One of the most frequent topics when native advertising is discussed is if it tricks the visitor to a media site into believing that the ad is editorial content. There is a broad suspicion among especially journalists and those working in traditional advertising that deceiving the visitor is part and parcel of native advertising.
I firmly believe that we need to take every precaution to make sure that visitors to media sites never are in doubt about if the content they’re reading or watching is editorial or paid. There is absolutely no point in trying to trick the visitor, rather there is a big downside as it will have a negative impact on how the brand behind the ad is perceived.
From a brand perspective, however, I think there is sometimes a worry that the ad marking will make the visitors avoid native content. I had this worry when I first worked with native ads on behalf of a brand. It sometimes felt like being the owner of the Wizzo Chocolate factory in the old Monty Python sketch, going ”If we did that, our sales would plummet”:
But just like no sane person or brand would seriously advocate selling ”crunchy frogs”, we should look at the ad markings as beneficial to the whole concept of native advertising. It should be clearly marked because we really don’t want to end up deceiving anyone. Rather state that it’s an ad a couple of times than run the risk of the users not being in the clear.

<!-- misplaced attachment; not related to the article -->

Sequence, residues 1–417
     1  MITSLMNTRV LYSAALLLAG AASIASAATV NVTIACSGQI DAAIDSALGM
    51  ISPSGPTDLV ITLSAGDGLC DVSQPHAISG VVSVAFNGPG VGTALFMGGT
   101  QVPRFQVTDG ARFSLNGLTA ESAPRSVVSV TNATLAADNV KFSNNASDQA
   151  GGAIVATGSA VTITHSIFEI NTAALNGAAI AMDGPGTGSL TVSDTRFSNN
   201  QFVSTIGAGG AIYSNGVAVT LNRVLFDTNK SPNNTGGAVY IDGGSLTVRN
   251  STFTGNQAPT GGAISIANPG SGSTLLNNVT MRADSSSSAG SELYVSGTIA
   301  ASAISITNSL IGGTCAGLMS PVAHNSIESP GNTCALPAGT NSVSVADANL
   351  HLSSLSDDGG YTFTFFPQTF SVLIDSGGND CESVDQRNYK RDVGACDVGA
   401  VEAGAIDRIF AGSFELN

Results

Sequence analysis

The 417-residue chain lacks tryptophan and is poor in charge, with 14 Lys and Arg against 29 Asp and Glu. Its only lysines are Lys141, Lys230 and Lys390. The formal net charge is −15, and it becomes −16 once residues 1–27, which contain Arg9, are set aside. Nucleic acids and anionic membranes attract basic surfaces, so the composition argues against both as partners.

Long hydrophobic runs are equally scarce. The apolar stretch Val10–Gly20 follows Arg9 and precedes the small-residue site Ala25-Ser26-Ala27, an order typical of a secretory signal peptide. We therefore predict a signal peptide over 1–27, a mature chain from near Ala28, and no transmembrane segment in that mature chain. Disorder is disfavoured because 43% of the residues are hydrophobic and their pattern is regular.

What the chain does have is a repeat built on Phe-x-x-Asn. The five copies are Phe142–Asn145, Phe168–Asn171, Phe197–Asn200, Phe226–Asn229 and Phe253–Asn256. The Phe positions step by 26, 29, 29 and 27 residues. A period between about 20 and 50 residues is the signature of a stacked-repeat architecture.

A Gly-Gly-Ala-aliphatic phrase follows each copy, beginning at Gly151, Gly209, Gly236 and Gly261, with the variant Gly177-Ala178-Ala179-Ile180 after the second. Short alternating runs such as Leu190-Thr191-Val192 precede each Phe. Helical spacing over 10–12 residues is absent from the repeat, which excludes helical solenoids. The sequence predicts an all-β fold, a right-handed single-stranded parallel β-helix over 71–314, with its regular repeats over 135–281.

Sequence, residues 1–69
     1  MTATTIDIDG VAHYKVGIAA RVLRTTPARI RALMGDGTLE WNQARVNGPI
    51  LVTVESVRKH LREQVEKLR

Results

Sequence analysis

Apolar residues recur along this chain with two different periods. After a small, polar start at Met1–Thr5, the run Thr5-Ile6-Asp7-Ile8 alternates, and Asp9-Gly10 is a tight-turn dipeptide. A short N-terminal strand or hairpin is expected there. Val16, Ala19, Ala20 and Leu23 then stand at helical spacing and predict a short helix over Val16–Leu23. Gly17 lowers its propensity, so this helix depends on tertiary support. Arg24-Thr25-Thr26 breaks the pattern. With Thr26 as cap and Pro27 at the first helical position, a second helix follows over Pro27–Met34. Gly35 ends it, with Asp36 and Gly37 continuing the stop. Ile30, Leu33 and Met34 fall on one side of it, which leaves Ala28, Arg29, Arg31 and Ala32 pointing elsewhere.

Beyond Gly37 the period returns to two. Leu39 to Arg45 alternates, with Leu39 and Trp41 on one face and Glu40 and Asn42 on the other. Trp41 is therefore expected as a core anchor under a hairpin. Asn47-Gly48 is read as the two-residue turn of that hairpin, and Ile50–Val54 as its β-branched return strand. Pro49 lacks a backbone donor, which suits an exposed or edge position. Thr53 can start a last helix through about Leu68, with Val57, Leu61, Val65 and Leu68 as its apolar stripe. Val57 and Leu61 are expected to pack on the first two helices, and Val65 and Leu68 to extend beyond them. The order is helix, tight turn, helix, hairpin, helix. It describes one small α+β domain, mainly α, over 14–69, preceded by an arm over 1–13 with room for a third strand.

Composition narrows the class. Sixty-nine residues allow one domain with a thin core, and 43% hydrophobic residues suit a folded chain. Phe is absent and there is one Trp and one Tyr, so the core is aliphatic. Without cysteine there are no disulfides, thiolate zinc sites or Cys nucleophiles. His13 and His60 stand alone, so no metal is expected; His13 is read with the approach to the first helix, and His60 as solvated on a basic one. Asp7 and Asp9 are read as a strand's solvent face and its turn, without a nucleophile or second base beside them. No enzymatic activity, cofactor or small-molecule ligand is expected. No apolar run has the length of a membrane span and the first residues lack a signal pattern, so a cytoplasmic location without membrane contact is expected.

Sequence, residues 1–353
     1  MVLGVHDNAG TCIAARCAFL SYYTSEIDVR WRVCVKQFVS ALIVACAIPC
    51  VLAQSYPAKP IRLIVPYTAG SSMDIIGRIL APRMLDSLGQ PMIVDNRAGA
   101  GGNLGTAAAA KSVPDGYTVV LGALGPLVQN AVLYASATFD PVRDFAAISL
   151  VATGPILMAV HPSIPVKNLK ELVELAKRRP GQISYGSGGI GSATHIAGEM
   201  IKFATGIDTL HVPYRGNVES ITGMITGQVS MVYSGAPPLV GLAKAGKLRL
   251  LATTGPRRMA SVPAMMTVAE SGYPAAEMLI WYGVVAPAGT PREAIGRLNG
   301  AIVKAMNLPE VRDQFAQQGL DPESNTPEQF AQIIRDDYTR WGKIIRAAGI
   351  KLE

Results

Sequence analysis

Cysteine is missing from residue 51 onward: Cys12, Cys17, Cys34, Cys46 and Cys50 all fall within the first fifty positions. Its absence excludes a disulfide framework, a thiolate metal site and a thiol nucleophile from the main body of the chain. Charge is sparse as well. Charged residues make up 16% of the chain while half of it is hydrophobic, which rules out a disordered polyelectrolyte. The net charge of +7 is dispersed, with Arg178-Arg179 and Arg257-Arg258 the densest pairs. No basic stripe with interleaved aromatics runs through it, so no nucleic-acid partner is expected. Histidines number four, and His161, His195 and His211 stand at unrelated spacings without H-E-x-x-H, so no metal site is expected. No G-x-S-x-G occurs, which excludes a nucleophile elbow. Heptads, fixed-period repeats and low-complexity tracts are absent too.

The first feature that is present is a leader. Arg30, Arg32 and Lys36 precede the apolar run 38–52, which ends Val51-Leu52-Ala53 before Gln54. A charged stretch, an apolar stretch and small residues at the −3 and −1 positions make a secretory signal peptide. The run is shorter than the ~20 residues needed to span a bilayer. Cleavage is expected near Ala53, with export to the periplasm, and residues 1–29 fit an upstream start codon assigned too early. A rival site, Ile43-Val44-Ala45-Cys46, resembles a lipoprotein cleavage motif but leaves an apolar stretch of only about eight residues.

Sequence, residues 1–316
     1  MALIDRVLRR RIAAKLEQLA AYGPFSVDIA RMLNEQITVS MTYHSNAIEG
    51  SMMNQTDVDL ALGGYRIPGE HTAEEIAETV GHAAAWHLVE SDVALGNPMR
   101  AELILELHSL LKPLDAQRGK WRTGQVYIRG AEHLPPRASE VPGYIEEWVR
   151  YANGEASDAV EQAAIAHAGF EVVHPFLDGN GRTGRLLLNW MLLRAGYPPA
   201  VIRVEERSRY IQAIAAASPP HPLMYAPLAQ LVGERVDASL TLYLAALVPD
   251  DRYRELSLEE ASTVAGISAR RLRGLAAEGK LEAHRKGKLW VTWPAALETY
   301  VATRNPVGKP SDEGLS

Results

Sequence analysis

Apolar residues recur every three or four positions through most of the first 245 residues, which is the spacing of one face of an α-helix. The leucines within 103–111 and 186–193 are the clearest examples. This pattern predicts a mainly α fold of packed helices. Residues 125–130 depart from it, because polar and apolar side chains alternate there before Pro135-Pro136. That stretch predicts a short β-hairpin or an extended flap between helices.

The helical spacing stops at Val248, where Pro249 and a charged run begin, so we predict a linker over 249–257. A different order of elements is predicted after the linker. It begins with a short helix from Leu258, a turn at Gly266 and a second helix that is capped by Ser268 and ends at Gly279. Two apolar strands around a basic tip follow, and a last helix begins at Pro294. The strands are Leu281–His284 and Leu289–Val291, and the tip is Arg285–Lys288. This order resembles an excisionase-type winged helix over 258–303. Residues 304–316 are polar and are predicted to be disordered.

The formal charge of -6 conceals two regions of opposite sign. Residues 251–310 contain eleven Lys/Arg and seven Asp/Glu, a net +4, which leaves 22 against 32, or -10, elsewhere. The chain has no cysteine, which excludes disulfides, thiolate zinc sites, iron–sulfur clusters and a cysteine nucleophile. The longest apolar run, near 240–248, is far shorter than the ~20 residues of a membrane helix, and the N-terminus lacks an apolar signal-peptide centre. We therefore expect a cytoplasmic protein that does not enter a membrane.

Which makes it a bit worrying that according to research from Contently a lot of visitors to media sites tend to identify native advertising as editorial content. The key take aways from Contently’s study is that it depends to a large degree on how clear the markings are and how transparent the brand is about that it’s using native ads. Media sites like New York Times and BuzzFeed, that have used very clear markings since the beginning, did better than other sites. From what I’ve seen in the Nordic countries, markings have been very clear here as well on most media sites, and that is good news.
One thing I have not seen on many sites is a clear marking that both defines the content as an ad and then identifies the brand behind it by displaying its logotype or similar. That might have an additional impact, since many visitors recognize and respond to the logo – where they may not notice the ”sponsored content” or ”advertisment” markings used today.
Using logos and similar could also provide a lift to the effectiveness of the ad itself, since a study from Polar reports an increase of click through rates (CTR) of 15% when a logo was included.
But the main thing is to decrease the number of people that mistake native ads for editorial content, and as a result of this feels cheated or lose trust in the media platform. Just like media sites need the income from native ads as other types of digital ads become less effective, so does brands need native ads as a way of telling stories important to them the audience of that platform. Neither has any interest in making the visitors feel this way.
To a degree I think the relative inexperience with native content explains why this happens. As people get more used to native ads this will be better at telling the difference. But that should not keep brands and media sites from actively pursuing ways to make it crystal clear what native advertising is and how it differs from editorial content.
It’s in all our interest to do this – brands, publishers and first and foremost the audience. Otherwise we might see native ads becoming impossible to use very soon.